Women are more likely than men to downplay their accomplishments. Whether it’s in their professional, personal or athletic ventures, we’re less likely to own up to the scope of what we’ve achieved.
In a National Bureau of Economic Research study, women consistently ranked their performance on a test lower than men, even when their scores were the same. Men gave themselves on average, a 61 out of 100. Women gave themselves a 46. Even when study participants were told that a potential employer would use their self evaluation to make decisions on hiring and pay, women still were less likely to promote (or accurately assess) the quality of their work. This “self-promotion gap” reveals stark differences in how individuals subjectively evaluate their performance, and how they communicate that to the world around them. Women will often qualify their successes, amending their achievements with words like “just” and “only”.
It was just a 10k. I only run 30 miles a week.
As both a coach and an athlete, professional ultrarunner Sally McRae is no stranger to the cultural pressure to diminish one’s achievements.
“I think that that’s something that is a struggle for all humans where we wonder, am I enough? Is what I’m doing enough, are my accomplishments, am I valuable enough?” says McRae. Often, we’ll hedge our bets by using language that diminishes what we’ve achieved because we’re afraid others will do the same. So, we try to beat them to the punch.
Culturally, women can get more pushback for owning their successes. We can be seen as pushy, braggadocious, or over confident. Many of these qualities are celebrated in men, but seen as unflattering or off-putting in women because the cultural scripts to remain humble and meek are so strong.
“Don’t say I just ran five miles,” says McRae. “Let’s talk about how awesome those five miles were. A lot of times, that impulse to downplay is rooted in fear. Fear of not being enough. Fear of being seen as less than. And I don’t want fear to rule my life and conversations.”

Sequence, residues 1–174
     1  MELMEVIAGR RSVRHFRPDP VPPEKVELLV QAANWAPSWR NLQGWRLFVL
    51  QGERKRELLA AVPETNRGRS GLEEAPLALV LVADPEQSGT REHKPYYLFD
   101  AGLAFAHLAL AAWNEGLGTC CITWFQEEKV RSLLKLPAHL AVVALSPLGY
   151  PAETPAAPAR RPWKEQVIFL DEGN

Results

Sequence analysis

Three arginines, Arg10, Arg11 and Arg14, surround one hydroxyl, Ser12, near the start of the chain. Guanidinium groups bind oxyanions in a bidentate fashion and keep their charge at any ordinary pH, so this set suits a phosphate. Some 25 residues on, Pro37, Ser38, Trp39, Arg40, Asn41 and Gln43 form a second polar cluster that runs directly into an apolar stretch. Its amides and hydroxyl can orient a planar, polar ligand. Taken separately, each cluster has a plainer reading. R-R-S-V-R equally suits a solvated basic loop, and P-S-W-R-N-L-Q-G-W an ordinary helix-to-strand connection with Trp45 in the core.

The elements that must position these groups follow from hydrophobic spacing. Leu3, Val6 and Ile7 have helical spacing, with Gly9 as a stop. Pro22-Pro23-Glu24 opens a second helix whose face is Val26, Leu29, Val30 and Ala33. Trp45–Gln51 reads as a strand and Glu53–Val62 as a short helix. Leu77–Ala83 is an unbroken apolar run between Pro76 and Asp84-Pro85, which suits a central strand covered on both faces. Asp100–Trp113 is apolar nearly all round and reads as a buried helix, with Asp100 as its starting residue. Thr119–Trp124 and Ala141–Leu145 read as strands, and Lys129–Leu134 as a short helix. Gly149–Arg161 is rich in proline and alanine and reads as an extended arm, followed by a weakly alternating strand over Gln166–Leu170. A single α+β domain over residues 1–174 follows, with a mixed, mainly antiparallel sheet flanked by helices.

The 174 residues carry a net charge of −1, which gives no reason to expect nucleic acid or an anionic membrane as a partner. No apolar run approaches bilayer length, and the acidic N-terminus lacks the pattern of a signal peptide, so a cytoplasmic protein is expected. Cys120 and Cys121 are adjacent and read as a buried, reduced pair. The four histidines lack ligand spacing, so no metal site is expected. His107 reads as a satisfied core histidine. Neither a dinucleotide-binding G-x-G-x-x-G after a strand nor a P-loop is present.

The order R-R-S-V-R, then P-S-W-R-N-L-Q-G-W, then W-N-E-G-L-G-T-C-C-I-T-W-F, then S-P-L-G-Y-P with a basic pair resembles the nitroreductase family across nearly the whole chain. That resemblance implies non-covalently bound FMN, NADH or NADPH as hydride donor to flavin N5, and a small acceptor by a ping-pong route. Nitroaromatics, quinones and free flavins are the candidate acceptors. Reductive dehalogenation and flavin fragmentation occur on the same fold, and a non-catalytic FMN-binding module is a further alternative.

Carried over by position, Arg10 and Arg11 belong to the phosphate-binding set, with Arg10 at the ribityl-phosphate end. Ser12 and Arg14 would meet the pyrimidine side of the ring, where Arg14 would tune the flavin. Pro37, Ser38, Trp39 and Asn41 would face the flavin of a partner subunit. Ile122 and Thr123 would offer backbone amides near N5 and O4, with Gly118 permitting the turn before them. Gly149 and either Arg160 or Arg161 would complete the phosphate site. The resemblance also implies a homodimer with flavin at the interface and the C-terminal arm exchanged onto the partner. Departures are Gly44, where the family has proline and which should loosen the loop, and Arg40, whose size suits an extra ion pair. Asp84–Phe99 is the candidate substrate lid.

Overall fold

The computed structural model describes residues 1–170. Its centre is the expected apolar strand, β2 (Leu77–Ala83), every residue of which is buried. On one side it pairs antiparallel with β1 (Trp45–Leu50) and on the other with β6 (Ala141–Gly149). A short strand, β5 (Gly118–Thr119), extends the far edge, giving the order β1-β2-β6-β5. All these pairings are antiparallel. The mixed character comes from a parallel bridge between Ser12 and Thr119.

Women can hold each other accountable to owning what they’ve achieved by lifting one another up, and getting more comfortable accurately assessing their own successes.
The Comparison Trap
One thing that’s made this even more difficult is the prevalence of social media. Now, it’s easier than ever to compare oneself to others—whether it’s your less-than-Instaworthy vacation or sub-perfect Strava file.
“Now that we have all this access to social media and being able to peer into everybody’s lives, strangers or friends, to be in a constant state of comparison,” says McRae. “Using the word just may be more prevalent than it’s ever been, because we’re saying just when we compare what we look like and what our training is and when it comes to our relationships and our jobs and how much money we make it’s dangerous. And we know that comparison is a thief of joy.”
It’s easier to say “I just ran five miles” when you’re comparing yourself to someone else’s 50k on social media, or to think you’re just not a runner when you’re comparing a low point in your training to someone else’s peak volume.
Disconnect from people and media that make you feel less than, or make you feel like you need to downplay your achievements.
Parenting Confident Children
McRae has seen the toll that things like social media and comparison take on young athletes, too. As the mother of a teenage girl and boy, she works hard to make sure her teens get the right message.
“It’s a constant battle, and something we talk about a lot,” says McRae. “I remind them that they are enough, even when they don’t feel like it.”
McRae says it’s a challenge that follows many young athletes well into adulthood, but that communicating with her kids that feelings of inadequacy are normal can help. She also makes sure to demonstrate confidence for her daughter and son too.
“I want them to see what it looks like to be strong and confident,” says McRae. “I want them to see me being brave—and failing too. It’s all part of it, and I want them to see me working through it, over and over again so that they can know that it’s OK.”
Own Your Confidence
“It’s easy to understand, intellectually,” says McRae. “But it’s hard to put into practice. It’s hard to live out the kind of confidence we should all have. Our bodies are capable of amazing things, and we have to celebrate that in ourselves and in each other. Lots of people feel like they don’t belong, like they’re imposters. But we can all support each other and stop diminishing ourselves as women.”
The goal isn’t, and shouldn’t ever be, to get women to act more like men, but for all of us to come together and interrogate what makes it hard for certain folks to own the realities of their lives, and how we can all open up more space for honest and mutual flourishing on and off the trail and track. It’s not enough to tell women to “lean in” and own their achievements: we all need to create the cultural conditions where women are able and equipped to own their success without fear of negative repercussions or pushback.
This article first appeared in Women’s Running.